by Steven Bentley, B.E.S., CEA, Jacques Whitford Environment Limited
Although the variety and severity of environmental concerns associated with residential properties are generally lower than for industrial properties, property owners should be aware that all can have significant and costly environmental concerns associated with them. Environmental concerns associated with residential apartment building sites are generally limited to building related issues such as lead, asbestos, and heating oil USTs. The identification of these concerns and the risks associated with them is an important consideration in a planned property purchase.
A description of the typical environmental concerns associated with residential apartment buildings and how they can be managed follows.
Asbestos has been used as an insulating and fire-proofing material from the early-1900s to the mid-1980s. Typical locations for friable asbestos-containing materials includes, pipe and pipe elbow insulation, boiler insulation, and spray-on fireproofing materials. Damaged friable asbestos materials can easily release fibres into the air, causing a severe health concern. Non-friable building materials (vinyl floor tiles, wall stucco, etc.) may be can easily be released during renovation activities. The control and/or removal of asbestos is facilitated through the development of an asbestos management program, which may involve the repair or complete removal of the asbestos-containing materials.
Lead is associated with old interior paint, old plumbing solder and old pipes as well as other lead based products such as wall shielding (x-ray rooms). The presence of lead is a health risk especially in a residential environment whereby dust given off by painted surfaces and the paint itself could be ingested.
Underground Storage Tanks
The presence of underground heating oil storage tanks (USTs) on-site can be an environmental concern, especially if the USTs are leaking. Many buildings in Ontario were formerly heated using fuel or heating oil. The large quantities of heating oil required to heat an apartment building were often stored on-site in USTs. Over time steel USTs and piping can leak, allowing heating oil to contaminate the subsurface soil and groundwater. Costs associated with redemption of contaminated soil and/or groundwater can be significant.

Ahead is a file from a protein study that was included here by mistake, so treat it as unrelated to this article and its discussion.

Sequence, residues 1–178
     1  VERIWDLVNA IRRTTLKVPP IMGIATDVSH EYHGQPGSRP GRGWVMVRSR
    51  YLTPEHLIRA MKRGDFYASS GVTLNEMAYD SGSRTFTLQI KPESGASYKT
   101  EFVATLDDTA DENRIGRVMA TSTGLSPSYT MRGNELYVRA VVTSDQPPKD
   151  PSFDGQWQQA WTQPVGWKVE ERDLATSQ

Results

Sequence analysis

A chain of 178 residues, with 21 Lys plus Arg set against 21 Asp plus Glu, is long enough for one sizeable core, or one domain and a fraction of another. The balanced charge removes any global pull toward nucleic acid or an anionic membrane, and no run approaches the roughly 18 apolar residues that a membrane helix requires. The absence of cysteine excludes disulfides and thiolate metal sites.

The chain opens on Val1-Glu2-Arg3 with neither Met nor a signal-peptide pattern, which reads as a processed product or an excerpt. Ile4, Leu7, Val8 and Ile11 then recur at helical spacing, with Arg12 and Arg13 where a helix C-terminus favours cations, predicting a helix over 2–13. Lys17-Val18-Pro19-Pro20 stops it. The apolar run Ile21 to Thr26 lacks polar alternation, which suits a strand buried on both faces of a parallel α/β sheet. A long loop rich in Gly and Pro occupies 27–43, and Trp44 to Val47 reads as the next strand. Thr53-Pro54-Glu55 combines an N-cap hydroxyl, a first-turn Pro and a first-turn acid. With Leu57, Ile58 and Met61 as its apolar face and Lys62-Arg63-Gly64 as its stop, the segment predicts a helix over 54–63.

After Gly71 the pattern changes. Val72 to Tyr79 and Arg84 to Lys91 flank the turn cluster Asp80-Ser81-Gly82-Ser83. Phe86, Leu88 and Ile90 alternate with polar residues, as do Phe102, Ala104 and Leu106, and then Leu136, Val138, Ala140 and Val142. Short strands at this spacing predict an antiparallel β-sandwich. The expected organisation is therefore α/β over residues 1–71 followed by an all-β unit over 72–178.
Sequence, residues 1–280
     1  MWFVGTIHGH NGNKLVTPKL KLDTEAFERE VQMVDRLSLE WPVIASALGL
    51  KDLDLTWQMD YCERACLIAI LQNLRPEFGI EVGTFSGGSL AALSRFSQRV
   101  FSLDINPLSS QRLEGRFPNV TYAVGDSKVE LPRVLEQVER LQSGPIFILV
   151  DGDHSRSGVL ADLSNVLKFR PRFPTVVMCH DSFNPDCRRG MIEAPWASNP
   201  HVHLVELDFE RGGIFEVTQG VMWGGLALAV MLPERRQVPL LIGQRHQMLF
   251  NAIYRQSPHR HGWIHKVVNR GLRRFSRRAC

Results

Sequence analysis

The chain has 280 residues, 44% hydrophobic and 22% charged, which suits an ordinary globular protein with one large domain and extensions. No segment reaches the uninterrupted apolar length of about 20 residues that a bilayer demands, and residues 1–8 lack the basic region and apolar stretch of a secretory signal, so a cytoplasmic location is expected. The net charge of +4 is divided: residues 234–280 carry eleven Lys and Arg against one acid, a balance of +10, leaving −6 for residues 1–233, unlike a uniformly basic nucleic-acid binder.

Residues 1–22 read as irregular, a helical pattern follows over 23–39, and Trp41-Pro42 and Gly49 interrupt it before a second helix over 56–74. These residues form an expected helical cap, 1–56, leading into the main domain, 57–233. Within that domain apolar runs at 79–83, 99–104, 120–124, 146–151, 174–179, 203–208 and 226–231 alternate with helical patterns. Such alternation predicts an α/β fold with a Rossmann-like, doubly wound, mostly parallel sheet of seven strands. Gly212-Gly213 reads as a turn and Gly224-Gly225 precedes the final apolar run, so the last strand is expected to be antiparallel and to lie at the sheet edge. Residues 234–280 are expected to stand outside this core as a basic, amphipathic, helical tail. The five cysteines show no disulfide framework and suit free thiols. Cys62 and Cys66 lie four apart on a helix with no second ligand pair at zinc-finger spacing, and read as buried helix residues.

Phase I Environmental Site Assessment
The first step in assessing the potential environmental issues associated with any property involves the completion of a Phase I Environmental Site Assessment.
A Phase I ESA should be completed according to the requirements of the current Canadian Standards Association (CSA) Phase I Site Assessment standard Z768-94, a comprehensive method of evaluating a sites environmental status. A Phase I ESA consists of completion of a historical review, a site reconnaissance, a regulatory files search, and provision of a written report which outlines the findings and any recommendations.
Following completion of the Phase I ESA, a determination of the environmental issues associated with a particular site can be made. Recommendations made in the Phase I ESA report to deal with these issues can be used to help determine methods to deal with the issues and their associated costs.
A Phase II Environmental Site Assessment or subsurface investigation would be conducted if concerns associated with possible contamination of the site are revealed. For example, the identification of a fuel oil UST would require a Phase II ESA to confirm the presence or absence of contamination of the surrounding soil.